Campaign focus narrows to key ‘swing seats’
With two days to go before the UK election, the result in most constituencies is a foregone conclusion. All eyes are on the scattered areas where the decision still hangs in the balance.
Perhaps, in a parallel universe, 22 more people changed their minds in Hampstead and Kilburn on 6 May 2010. Perhaps Conservative Chris Philp edged ahead of Labour rival Glenda Jackson to become the constituency’s MP and, with a small number of voters in other tiny pockets of the country also won over, his party got the 323 seats they needed to form an effective majority government. But in the reality we know, Jackson held on by 42 out of 52,822 votes. The Tories won 307 seats and the country was governed by a coalition for five years.
Stories like this could be crucial in determining who runs Britain after Thursday’s election. As the campaign enters its final days, polls continue to indicate that Labour and the Conservatives will each secure around 35% of the electorate’s support and struggle to get more than 300 seats. The battles likely to make a difference are taking place in marginal seats, where more than one party has a realistic chance of securing victory locally. Winning seats, rather than votes, is the key aim. Winning a constituency by 42 votes is as valuable as winning one by 4,200; under the first-past-the-post system, David Cameron or Ed Miliband simply need to be able to command the confidence of a majority of MPs to become Prime Minister.
It makes campaigning curiously varied in different parts of the country. In parts of the south-west, the Conservatives and Liberal Democrats bombard voters with campaign literature. Scottish National Party and Labour activists furiously knock on doorsteps in many Scottish areas. And there are rare examples of constituencies, such as South Thanet, where several parties think they can win. But across large swathes of the country, voters’ choices will be taken for granted. Tory candidates in affluent parts of south-east England or Labour ones in working-class northern areas will be returned with minimal fuss.
Edge of your seat
Campaign groups such as the Electoral Reform Society say that this is absurd. Why should one person’s vote matter more than anyone else’s? Obsessing over marginal seats means the votes of the majority of the population are taken for granted and when MPs get comfortable, they forget that the people are their bosses. We should change our undemocratic system to force politicians to earn every vote.
But others point out that 68% of people voted against changing the electoral system in 2011. We should make sure governments are strong so that they can get on with the job. MPs should be given the chance to do what’s right, rather than always worry about what’s popular. And the local battles not only make elections exciting – they give people their own representative in parliament.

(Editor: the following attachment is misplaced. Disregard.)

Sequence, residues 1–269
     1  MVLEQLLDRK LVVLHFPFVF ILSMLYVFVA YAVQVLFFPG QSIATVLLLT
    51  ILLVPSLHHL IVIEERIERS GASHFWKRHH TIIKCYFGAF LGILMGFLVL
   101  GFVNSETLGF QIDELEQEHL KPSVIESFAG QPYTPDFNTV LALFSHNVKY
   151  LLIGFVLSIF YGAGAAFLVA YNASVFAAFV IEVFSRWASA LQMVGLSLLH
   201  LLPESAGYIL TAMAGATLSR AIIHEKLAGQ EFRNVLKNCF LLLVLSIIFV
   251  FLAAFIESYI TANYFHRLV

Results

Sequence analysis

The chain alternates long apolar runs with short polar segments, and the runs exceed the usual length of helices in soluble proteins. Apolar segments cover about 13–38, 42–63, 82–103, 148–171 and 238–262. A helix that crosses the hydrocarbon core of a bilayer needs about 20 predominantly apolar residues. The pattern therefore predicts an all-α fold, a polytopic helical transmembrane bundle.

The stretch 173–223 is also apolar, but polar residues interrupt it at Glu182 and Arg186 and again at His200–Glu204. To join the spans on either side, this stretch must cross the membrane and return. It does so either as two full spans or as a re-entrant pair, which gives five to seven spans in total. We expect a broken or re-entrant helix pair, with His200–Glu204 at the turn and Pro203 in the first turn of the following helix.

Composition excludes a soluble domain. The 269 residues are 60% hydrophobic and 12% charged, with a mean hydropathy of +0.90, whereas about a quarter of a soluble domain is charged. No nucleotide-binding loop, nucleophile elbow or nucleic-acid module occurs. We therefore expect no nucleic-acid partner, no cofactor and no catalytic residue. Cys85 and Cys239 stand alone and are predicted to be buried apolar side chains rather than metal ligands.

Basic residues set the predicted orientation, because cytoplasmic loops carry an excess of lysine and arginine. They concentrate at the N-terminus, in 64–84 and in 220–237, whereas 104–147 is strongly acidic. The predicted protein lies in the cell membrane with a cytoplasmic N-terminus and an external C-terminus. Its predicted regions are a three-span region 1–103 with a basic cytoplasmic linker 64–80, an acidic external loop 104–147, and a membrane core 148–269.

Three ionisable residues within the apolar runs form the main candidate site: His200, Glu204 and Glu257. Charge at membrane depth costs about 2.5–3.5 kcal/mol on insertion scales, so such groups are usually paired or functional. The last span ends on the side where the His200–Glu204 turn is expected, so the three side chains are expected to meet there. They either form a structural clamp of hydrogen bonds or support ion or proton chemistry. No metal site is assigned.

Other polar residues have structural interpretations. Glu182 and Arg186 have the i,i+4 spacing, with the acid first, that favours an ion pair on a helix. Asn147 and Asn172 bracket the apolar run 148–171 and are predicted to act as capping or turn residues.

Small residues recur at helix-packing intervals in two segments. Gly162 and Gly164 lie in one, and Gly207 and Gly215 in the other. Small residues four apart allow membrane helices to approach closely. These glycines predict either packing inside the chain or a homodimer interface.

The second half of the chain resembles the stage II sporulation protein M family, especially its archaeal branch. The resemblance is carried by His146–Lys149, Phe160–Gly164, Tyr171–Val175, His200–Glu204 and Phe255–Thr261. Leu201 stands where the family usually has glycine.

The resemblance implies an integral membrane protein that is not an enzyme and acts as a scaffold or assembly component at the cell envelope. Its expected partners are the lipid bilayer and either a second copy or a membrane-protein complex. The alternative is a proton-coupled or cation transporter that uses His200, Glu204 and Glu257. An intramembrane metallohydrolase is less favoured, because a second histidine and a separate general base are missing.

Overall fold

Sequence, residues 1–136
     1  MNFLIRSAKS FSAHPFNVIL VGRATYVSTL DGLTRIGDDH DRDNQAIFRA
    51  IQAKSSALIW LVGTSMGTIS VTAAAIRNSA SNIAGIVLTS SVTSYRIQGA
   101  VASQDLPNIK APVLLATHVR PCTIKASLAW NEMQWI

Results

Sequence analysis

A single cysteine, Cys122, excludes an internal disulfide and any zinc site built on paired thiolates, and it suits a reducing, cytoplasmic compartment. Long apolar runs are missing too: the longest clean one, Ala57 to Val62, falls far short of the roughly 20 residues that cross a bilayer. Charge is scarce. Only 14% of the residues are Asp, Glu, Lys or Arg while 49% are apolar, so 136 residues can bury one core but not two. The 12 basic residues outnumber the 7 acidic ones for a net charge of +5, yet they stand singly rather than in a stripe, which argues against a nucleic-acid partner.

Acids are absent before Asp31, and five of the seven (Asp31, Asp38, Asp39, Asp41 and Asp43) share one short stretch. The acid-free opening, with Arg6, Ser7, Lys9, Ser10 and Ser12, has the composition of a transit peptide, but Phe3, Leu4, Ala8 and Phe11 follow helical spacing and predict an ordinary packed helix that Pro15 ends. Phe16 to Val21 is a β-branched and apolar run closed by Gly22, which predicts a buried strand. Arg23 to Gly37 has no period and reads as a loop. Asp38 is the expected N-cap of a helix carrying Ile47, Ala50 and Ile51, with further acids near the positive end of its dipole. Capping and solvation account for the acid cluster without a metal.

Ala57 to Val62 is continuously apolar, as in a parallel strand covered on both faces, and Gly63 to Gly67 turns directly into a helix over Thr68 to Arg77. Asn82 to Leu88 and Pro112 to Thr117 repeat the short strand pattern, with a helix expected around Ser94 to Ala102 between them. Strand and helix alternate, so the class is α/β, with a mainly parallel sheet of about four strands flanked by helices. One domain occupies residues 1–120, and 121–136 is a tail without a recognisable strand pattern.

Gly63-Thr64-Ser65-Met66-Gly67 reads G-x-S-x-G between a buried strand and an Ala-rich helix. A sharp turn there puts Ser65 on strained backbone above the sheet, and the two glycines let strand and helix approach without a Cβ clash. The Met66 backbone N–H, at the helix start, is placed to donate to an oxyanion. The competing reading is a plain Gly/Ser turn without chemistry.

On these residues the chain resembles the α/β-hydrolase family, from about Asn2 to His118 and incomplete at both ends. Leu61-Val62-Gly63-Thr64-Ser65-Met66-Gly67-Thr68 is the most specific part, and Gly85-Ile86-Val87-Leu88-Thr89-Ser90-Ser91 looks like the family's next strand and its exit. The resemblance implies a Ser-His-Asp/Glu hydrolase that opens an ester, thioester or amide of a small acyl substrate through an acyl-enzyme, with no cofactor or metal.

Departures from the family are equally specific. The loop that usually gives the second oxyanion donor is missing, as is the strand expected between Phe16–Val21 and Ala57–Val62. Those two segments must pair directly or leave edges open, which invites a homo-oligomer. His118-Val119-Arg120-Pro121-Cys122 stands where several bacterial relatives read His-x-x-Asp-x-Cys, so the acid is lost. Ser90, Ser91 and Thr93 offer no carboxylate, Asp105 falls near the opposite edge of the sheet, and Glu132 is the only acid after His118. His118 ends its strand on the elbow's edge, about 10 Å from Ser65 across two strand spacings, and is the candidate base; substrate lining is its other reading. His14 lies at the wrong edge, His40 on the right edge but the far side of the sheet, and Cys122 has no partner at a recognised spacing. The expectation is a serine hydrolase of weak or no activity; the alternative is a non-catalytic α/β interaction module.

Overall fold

- Would you rather vote for a party or a local MP?
- Should we change the voting system to make it more proportional?
- Make a campaign poster for a party or candidate you support. As a challenge, use the expert links to find a constituency where your party / candidate would benefit from it most and work out what message would work best there.
- Research the candidates in your local constituency. Create top trumps cards for each candidate to show their relative strengths and weaknesses.
Some People Say...
“A strong government is better than a popular one.”
What do you think?
Q & A
- Why do some seats seem to matter more than others?
- Mainly because of demographics. In so-called safe seats, people’s backgrounds tend to give away their likely voting intentions. Incumbent MPs there will usually have won with votes to spare in the past and be confident of doing so again. The Electoral Reform Society say that they were sure they knew the result in 368 of the 650 constituencies four weeks before polling day.
- Is there any prospect of this changing?
- After the 2011 AV referendum, some said that the question of electoral reform had been settled for a generation. It’s not in the bigger parties’ interests to change the way we vote, but if smaller parties such as the Greens or UKIP make gains on Thursday, they are likely to press for a more proportional voting system.
- Effective majority government
- A government needs to be able to carry over 50% of MPs in crucial votes in order to function. A Prime Minister therefore technically needs 326 of the 650 seats to get in to power. That number was in 2010, and is likely to remain in 2015, slightly lower than that because Irish nationalist party Sinn Fein, whose members refuse to swear loyalty to the Queen, does not take up the seats they win. In 2010, they won five seats.
- Forget that the people are their bosses
- The MPs’ expenses scandal of 2009, when it emerged that MPs were claiming money from taxpayers in dubious circumstances, was attributed by some to complacency among MPs. There have also been complaints that politicians do not feel the need to keep their promises to the electorate if they are secure in their positions.
- Voted against changing the electoral system
- In a referendum in 2011, the public were given the option of voting for the use of AV (Alternative Vote) in general elections. This would have allowed voters to rank candidates in order of preference, rather than merely voting for one.